Drip irrigation is a process of applying irrigation water into the base of the plant like a leaking bucket. Minimal soil surface is wetted through this method; thus, amount of direct evaporation and excess percolation through the root zone will be reduced. Bananas are among crops which rely on drip irrigation in the province.

Shallow tube wells and irrigation development are commonly used for rice irrigation. In 2003, DA-Region 10 provided the province with shallow tube wells and irrigation development support.

Government initiatives

Government institutions in Bukidnon do not have explicitly labeled programs on climate change.

There are existing programs, however, undertaken to capacitate people to adapt on the impacts of climate change. Programs applied are on organic farming, diversified integrated farming systems, and water saving technologies for agriculture. On lean seasons, farming communities have alternative income sources.

For lowland rice production, the Sustainable System of Irrigated Agriculture (SSIA) Technology is applied. It employs intermittent water application in rice farming; applies organic fertilizers and pesticides as agricultural inputs; and follows prescribed crop management procedures.

Through SSIA, early transplanting and straight row planting at one plant per hill is required to enable seedlings to grow better in lesser competition. Also, it specifies the cropping calendar and lowers the water application requirement.

The Department of Agriculture-Region 10, through a study, modified SSIA and showed that the technology performs better during dry season because of the organic matter’s carry-over effect for the next cropping in a lower production cost.

Contour farming and diversified integrated farming systems resulting in better yield, and reduction of bacterial  wilt population  and water  runoff over monoculture  proved to be suitable technologies  for  upland and  hilly land farming. Runoffs are reduced in contour farming; thus, protecting the top soil against soil erosion. Top soil contains nutrients for plants and also serves as reservoir for soil water during dry periods.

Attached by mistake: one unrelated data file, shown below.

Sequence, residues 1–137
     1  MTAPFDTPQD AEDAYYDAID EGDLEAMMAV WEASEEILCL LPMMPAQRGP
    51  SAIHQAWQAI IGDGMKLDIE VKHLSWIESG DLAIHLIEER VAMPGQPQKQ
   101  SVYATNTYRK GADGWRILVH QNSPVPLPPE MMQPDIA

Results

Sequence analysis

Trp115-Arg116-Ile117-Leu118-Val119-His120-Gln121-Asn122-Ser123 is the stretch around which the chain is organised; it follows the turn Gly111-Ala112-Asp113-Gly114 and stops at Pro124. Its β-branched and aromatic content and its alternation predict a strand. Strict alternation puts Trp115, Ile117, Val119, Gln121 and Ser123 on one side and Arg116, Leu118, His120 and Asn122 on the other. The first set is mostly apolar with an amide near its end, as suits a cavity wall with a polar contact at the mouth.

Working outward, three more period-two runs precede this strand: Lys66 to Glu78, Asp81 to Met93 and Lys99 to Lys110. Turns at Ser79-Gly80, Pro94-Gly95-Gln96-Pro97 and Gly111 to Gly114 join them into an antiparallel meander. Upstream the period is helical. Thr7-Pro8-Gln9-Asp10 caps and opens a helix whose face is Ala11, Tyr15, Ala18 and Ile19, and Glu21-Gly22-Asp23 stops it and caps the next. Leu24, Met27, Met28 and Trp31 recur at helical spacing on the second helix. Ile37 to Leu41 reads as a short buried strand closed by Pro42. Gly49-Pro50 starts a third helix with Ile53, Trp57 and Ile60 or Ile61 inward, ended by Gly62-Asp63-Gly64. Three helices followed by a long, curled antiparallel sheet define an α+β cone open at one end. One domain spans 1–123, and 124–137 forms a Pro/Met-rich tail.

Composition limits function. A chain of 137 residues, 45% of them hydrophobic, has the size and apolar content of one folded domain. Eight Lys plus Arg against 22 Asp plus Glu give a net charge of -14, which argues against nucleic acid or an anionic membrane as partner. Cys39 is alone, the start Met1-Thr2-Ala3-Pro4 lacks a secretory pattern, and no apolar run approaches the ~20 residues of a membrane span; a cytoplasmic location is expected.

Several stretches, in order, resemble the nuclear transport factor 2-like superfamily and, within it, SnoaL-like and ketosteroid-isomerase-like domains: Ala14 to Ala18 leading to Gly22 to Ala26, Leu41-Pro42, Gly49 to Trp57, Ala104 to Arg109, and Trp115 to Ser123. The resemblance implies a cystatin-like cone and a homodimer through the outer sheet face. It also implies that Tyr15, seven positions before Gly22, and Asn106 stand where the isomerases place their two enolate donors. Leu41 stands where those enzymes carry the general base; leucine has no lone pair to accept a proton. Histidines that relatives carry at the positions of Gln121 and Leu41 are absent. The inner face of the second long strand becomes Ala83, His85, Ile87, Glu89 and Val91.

Meanwhile, crop diversification augments the income of farmers as any crop, which grows well, can be tapped as another way to earn a living. An example for is the ipil-ipil tree which is used for firewood, charcoal as well as fruit trees, root crops, vegetables and other plants that are feed sources for livestock.

Another strategy is through organic farming where even marginal lands can be brought back to life as organic matter is essential for the sustainability of subsistence agriculture. Nitrogen, phosphorous, and sulfur are released in the decomposition stage, thus, supplying carbon and energy in the soil. Organic matter binds the soil mineral particles and improves the soil structure for moisture retention.

Through intervention of local government, agriculture input subsidies are given to farmers to increase agricultural production. In Valencia City, Bukidnon, an ordinance, which espouses sustainable agriculture through organic farming, was passed to provide assistance in farming communities. Through Valencia City Ordinance No. 2008-09, the city aims to stability of food supplies for its constituents.

Identifying existing strategies

All because of climate change, an agricultural province like Bukidnon is threatened of losing its productivity. As agriculture relies on climatic conditions in order to flourish, agricultural practices shall then cope with the climatic changes.

Unlabeled programs on climate change are already in place. These are on research, extension, policy information, subsidies and grants. However, these programs must be properly identified for efficient facilitation and employment.

With explicitly identified programs to address the phenomenon, it will be easier for subsistence farmers to apply techniques and adjust on the impacts. Hence, economic loss among the farming sector will be avoided.